Why there is no virtual PMA testing for Duval County students this year

The third round of exams meant to track the progress of Duval County students started Monday, but this time, all students who take the test have to do so in person, despite the COVID-19 pandemic.

JACKSONVILLE, Fla. – The third round of exams meant to track Duval County students’ progress begins Monday, but this one brings a major difference.

All of the Progress Monitoring Assessments, or “PMAs,” will be taken in-person despite the ongoing coronavirus pandemic. Duval County Public Schools is not offering a virtual option this time around, despite allowing it for the first two PMAs.

The Florida Department of Education is mandating that all the Florida Standards Assessments, or FSAs, be administered in-person this year and for the assessments to actually be valid in the eyes of the state’s education department, the district has to get 95% of students in 3rd-through-10th grades tested.

Therefore, DCPS opted to use the PMAs as a “trial run” for the state-level exams later in the Spring to find out if the level of participation even approaches the 95% requirement.

“So, that’s why we’re telling parents, ‘If you want to take PMA 3, you have to come in the building,’” Greene told the school board in a Feb 16 workshop. “‘We will work with you [parents], we will do what we need to do to support you, but we have to now figure out are we even going to be close to 95%, because if we’re not going to be close to 95%, then that brings in a host of issues, especially for those schools that I told you are like in purgatory.”

Greene was referring to Florida’s Differentiated Accountability Program, which is aimed at tracking and improving underperforming schools that are currently, or recently, graded low by the FDOE. The only way for a school to graduate out of the program is to land a better grade via the FSAs which were canceled in 2020 due to the pandemic, hence, the “purgatory” dilemma.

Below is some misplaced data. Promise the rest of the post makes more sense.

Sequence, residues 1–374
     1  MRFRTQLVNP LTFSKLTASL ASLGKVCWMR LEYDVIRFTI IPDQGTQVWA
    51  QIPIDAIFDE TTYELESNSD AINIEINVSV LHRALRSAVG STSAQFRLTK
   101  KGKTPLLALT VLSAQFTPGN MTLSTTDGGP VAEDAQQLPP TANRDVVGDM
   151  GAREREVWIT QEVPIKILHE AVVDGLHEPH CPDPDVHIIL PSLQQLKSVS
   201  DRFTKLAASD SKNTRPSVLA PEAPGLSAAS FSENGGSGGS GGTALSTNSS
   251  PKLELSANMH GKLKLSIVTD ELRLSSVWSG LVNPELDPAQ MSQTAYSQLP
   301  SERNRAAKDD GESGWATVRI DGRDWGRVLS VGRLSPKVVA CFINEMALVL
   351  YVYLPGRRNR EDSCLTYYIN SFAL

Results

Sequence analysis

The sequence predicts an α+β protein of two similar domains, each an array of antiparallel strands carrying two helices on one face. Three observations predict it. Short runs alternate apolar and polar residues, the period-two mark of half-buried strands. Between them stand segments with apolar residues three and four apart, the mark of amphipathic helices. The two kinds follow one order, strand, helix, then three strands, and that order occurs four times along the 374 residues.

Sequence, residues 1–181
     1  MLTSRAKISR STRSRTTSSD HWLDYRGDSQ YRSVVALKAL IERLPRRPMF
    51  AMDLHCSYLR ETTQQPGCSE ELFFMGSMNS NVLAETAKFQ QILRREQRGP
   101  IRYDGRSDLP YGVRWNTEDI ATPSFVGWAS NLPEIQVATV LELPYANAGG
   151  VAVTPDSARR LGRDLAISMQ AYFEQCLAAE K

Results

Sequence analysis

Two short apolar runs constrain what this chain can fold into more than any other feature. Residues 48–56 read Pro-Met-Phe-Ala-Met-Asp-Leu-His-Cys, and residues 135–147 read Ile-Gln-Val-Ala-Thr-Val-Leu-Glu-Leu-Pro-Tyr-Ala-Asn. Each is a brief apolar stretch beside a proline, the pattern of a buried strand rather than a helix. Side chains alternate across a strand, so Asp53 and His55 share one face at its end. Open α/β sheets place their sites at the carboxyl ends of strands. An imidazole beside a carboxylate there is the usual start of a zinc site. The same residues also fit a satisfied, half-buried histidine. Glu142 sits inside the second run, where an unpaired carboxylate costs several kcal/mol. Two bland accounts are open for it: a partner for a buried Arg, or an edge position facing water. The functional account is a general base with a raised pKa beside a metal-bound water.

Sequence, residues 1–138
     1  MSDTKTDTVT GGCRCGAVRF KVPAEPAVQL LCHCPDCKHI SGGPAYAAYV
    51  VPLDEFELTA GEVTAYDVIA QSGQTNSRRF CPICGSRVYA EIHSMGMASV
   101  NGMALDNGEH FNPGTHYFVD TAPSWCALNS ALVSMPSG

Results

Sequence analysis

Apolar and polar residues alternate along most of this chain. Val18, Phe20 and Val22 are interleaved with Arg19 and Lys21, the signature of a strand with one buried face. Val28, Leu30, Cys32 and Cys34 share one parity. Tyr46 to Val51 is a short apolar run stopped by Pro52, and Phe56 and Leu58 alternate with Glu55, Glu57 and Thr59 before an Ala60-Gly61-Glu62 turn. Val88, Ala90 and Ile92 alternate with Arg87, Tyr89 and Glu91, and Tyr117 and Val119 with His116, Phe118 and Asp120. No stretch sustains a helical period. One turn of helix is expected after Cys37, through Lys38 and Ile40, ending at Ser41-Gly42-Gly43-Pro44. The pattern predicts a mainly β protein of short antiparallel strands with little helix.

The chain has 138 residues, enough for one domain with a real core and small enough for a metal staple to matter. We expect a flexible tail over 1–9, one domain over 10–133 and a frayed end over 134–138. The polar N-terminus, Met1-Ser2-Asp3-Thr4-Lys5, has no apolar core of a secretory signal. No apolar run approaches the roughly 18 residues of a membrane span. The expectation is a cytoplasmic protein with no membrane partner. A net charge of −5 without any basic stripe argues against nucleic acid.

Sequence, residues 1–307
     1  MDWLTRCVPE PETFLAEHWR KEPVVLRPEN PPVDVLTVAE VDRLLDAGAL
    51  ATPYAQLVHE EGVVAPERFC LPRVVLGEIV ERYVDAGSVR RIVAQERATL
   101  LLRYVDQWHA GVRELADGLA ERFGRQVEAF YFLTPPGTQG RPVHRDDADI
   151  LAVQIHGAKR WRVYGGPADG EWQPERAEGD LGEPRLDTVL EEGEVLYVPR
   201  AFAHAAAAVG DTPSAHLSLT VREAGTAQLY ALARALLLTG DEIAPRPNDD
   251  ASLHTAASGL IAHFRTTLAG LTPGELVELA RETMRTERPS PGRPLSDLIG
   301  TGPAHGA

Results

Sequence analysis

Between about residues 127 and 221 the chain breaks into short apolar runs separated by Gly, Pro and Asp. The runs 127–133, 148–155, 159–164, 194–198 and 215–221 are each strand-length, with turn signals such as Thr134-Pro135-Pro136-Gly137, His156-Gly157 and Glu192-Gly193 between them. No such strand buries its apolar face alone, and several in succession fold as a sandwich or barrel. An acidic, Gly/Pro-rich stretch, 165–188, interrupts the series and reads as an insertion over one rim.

In Duval County, there are 17 schools that are currently in that program:

  • Annie R Morgan Elementary School
  • Arlington Elementary School
  • George Washing Carver Elementary School
  • Highlands Middle School
  • J.E.B. Stuart Middle School
  • Jefferson Davis Middle School
  • Pine Estates Elementary School
  • Pinedale Elementary School
  • Ramona Boulevard Elementary School
  • Reynolds Lane Elementary School
  • Rutledge H. Pearson Elementary School
  • Sallye B. Mathis Elementary School
  • Southside Middle School
  • Susie E. Tolbert Elementary School
  • Timucuan Elementary School
  • Westview K-8
  • Young Men’s/Young Women’s Leadership Academy at Eugene J Butler

If a district fails to get 95% of students to take the FSAs, DCPS won’t get a grade from the FDOE and will be marked “incomplete,” a status that also put funding from the state’s School Recognition Program at stake.

The concern from many families continues to surround safety amid the COVID-19 pandemic, with more than one-in-five students in the district still engaged in its virtual learning formats.

Last week, the Florida Department of Education issued an emergency order to extend the window for districts to administer those state FSAs by two weeks in each subject to allow for distancing during exams.

But those measures do little to ease the concerns of parents like Rolline Sullivan.

“I am putting, you know, pretty much the safety of my children and my family in their hands.. And I’m hoping that, like I said, some of my concerns are addressed,” said Sullivan.

DCPS leaders said they’ll be implementing strict safety requirements during the PMAs and hope to use them to gauge participation, concerns from parents and any logistical problems in order to course-correct before the state-level FSAs which begin in April.

More information about the FSAs and what options are afforded to parents can be found at the district’s website.